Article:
Against the Current, No. 85, March/April 2000
Women and Global Capitalism
— The Editors
Elections in the Southern Cone
— Francisco T. Sobrino
The Second Chechnya War
— Boris Kagarlitsky
From Yeltsin to Putin: Modern Democrat Gives Way to Modern Nationalist
— Hillel Ticktin and Susan Weissman
A Travesty of Justice: Why Peltier Remains in Prison
— Jack Breseé
Behind the Confederate Flag Controversy: The Unfinished Civil War
— Malik Miah
Grassroots Power, Women and Transformation: An Interview with George Friday
— Stephanie Luce
Privatization by Stealth: Canadian Health Care in Crisis
— Milton Fisk
The Rebel Girl: The State of Gay Marriage
— Catherine Sameh
Random Shots: New and Old Millenia
— R.F. Kampfer
- Reflecting on the Battle of Seattle
The WTO's Nude World Order
— Bill Resnick
The Clouds Clear: Labor, Seattle and Beyond
— Frank Borgers
- Honoring International Women's Day
Antiwar Activism and Emerging Feminism in the Late 1960s: The Times They Were A'Changing
— Barbara L. Tischler
Camera Lucida: Women on Film at Century's End
— Arlene Keizer
The Costs of McCarthyism
— Alan Wald
- More Reviews
A Classic Novel Revived: The Big Boxcar by Alfred Maund
— Jessica Kimball Printz
Political Persecution in Puerto Rico: Uncovering Secret Files
— César Ayala
Lessons of Life and Death from Henry Spira: By Any Compromise Necessary?
— Kim Hunter
- Letters to Against the Current
`Natural Laws' of Economy
— Eric Hammel
KAMPFER PREPARED FOR Y2K by stockpiling ammunition. He figured that would get him anything else he needed.
The siege of Grozny shows us that the Russian General Staff has forgotten the hard-won lessons of Stalingrad (not to mention Moscow in 1812, as Boris Kagarlitsky explains elsewhere in this issue).
Before the modern car-alarm, there was a device advertised in pulp magazines that would deliver a powerful electric shock to anyone who touched your ride.
I can imagine how my grandfather would have reacted to the idea of buying bottled water when you could get it out of the tap.
George Orwell, in 1945, wrote to deplore the fact that the number of daily newspapers published in London had been reduced to twelve.
The Passing Scene
WE USED TO assume that our parents looked unhappy most of the time because they were worried about something big, like war, Depression or their hoodlum children. Now we know that it was probably just that their feet hurt.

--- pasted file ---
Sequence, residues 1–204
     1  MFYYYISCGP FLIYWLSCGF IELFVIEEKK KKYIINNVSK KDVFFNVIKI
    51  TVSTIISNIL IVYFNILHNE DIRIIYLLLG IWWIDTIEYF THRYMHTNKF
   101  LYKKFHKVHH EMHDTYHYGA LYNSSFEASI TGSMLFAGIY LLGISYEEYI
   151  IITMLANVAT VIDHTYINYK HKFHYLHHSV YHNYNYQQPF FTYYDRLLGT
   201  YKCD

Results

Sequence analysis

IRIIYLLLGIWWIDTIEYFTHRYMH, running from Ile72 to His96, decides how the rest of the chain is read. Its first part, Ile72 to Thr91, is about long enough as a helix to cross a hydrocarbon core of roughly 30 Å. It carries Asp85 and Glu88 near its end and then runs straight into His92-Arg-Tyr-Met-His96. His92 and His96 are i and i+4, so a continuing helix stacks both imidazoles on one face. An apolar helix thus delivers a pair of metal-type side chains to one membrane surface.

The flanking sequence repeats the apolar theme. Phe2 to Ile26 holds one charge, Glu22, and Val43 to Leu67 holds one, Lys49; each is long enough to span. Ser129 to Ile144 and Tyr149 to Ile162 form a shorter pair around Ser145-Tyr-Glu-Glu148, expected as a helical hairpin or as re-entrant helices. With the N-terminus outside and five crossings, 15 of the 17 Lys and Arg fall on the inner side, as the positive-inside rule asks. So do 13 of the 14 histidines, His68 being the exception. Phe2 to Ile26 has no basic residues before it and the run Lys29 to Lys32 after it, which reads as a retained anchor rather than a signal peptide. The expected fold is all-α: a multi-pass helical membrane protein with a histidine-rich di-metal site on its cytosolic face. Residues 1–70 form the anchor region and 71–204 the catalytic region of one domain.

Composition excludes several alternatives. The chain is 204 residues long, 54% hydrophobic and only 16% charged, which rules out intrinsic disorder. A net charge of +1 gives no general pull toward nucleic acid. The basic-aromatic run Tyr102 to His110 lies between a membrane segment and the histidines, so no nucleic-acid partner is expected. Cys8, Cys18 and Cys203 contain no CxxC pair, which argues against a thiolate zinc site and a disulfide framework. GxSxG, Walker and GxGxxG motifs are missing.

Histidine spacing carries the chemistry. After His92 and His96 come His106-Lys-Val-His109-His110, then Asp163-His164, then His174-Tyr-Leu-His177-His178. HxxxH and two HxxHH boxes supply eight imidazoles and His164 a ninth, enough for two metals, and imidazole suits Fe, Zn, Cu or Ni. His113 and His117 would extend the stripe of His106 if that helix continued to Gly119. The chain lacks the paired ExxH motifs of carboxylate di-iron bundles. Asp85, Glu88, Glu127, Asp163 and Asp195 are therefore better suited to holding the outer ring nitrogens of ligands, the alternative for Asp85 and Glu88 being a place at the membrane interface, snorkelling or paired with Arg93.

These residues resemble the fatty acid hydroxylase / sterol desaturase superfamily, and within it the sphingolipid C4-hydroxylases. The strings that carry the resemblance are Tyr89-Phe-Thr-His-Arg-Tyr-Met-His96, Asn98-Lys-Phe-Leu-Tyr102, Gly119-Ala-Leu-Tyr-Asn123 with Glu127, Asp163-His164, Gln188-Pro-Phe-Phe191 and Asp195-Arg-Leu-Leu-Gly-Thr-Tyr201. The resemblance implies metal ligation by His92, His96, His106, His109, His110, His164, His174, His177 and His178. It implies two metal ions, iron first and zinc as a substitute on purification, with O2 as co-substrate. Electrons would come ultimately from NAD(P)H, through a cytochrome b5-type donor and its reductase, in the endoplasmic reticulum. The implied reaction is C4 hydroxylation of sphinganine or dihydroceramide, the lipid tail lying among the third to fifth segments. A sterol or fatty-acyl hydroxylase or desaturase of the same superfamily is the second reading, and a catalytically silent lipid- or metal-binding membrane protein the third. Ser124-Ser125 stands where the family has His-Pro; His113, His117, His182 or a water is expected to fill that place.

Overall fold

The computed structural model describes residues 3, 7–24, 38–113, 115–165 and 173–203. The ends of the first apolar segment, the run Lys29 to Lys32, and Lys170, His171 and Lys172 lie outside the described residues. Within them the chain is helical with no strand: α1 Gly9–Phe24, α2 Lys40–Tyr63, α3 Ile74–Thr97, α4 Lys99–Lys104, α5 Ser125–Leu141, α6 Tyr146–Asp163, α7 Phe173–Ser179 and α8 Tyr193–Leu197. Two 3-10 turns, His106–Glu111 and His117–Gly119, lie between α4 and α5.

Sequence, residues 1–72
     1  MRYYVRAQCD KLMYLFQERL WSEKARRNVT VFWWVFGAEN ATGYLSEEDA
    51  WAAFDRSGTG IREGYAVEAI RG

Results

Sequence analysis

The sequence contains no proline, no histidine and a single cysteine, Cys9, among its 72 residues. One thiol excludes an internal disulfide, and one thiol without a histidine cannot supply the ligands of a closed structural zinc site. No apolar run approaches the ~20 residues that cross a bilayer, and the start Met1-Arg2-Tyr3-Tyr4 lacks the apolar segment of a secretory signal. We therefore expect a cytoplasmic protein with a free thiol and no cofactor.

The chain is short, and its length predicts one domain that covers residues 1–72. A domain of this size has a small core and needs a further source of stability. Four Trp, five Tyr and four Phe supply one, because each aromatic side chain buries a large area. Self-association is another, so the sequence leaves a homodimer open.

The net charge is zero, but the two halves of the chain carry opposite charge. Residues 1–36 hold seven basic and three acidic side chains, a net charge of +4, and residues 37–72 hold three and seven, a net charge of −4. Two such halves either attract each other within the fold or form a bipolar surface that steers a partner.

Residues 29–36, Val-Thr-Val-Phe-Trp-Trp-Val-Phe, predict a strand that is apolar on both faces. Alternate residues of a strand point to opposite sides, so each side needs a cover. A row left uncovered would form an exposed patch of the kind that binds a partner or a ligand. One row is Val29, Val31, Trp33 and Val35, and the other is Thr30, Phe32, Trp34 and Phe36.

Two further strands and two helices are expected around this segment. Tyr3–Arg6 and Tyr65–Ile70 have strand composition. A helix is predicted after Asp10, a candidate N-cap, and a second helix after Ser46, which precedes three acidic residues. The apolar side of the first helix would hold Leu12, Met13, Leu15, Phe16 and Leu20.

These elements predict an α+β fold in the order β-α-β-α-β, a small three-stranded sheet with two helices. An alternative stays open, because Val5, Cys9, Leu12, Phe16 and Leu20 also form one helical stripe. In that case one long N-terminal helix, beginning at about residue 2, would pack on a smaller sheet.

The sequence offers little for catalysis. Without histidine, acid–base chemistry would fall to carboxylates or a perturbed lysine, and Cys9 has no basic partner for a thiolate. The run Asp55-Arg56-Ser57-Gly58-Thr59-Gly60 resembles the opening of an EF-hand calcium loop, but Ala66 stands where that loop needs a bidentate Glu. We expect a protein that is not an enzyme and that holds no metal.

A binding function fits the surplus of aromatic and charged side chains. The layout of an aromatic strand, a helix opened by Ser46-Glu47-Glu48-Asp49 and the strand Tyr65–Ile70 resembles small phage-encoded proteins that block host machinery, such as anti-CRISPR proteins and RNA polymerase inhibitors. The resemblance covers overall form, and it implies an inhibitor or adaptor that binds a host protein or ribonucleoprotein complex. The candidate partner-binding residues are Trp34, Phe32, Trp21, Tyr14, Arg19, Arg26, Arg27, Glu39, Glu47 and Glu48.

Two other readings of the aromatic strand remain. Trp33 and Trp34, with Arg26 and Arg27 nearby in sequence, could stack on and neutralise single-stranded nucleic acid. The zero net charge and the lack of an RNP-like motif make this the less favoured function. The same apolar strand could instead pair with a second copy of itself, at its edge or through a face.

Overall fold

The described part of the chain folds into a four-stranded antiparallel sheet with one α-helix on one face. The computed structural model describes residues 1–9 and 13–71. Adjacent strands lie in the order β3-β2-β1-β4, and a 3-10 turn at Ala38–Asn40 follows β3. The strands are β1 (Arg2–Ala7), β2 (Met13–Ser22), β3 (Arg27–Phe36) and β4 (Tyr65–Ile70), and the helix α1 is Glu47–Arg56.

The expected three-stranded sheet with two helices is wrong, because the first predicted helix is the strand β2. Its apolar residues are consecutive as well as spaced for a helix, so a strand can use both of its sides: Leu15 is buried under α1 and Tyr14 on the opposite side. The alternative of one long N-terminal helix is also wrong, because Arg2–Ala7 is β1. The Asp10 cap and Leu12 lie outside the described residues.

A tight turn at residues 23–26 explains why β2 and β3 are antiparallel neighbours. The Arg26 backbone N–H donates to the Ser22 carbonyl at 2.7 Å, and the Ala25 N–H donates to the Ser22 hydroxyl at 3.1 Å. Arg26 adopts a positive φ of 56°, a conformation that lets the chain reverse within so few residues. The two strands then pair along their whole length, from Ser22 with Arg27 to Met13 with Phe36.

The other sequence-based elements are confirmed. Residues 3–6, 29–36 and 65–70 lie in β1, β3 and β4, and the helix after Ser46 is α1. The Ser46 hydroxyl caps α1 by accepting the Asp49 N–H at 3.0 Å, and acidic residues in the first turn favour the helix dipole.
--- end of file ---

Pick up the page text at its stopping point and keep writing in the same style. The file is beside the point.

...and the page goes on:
At some of George W. Bush’s campaign rallies they’ve been playing “Cat’s in the Cradle,” Harry Chapin’s song about a boy who grows up to be just like his father. If they’d paid attention to the lyrics, they might have noticed that the father was an insensitive jerk.
If we are going to defeat the World Trade Organization, we need to figure out whether it represents an attempt by the governments of the great powers to take over the world economy—or the multinationals’ effort to take over the world’s governments. (Maybe both?—ed.)
Chrysler has been buying stock in the Detroit casinos. They want to get their profit-sharing checks back.
The latest urban legend is that Kentucky Fried Chicken had to change its name to KFC because it is not serving chickens, but headless and featherless genetic mutants grown in vats.
In his 1953 story, “Enough Rope,” Poul Anderson describes a very familiar society: “Monopoly capitalism, partly controlled by the state and partly controlling the state.” He also shows us how such a state can be destroyed by pushing it in the direction it wants to go.
We can guess what Clinton wanted for Xmas, and we can be pretty sure that he didn’t get any.
The problem with having so many no-smoking zones is that you feel compelled to light up as soon as you leave one.
When Kampfer was in the Army, he saw people a lot older than Nathaniel Abraham behave recklessly with loaded firearms. None of them got charged with first-degree murder.
The Atlanta Braves’ John Rocker shows us that baseball players haven’t evolved much since the infamous Ty Cobb.
ATC 85, March-April 2000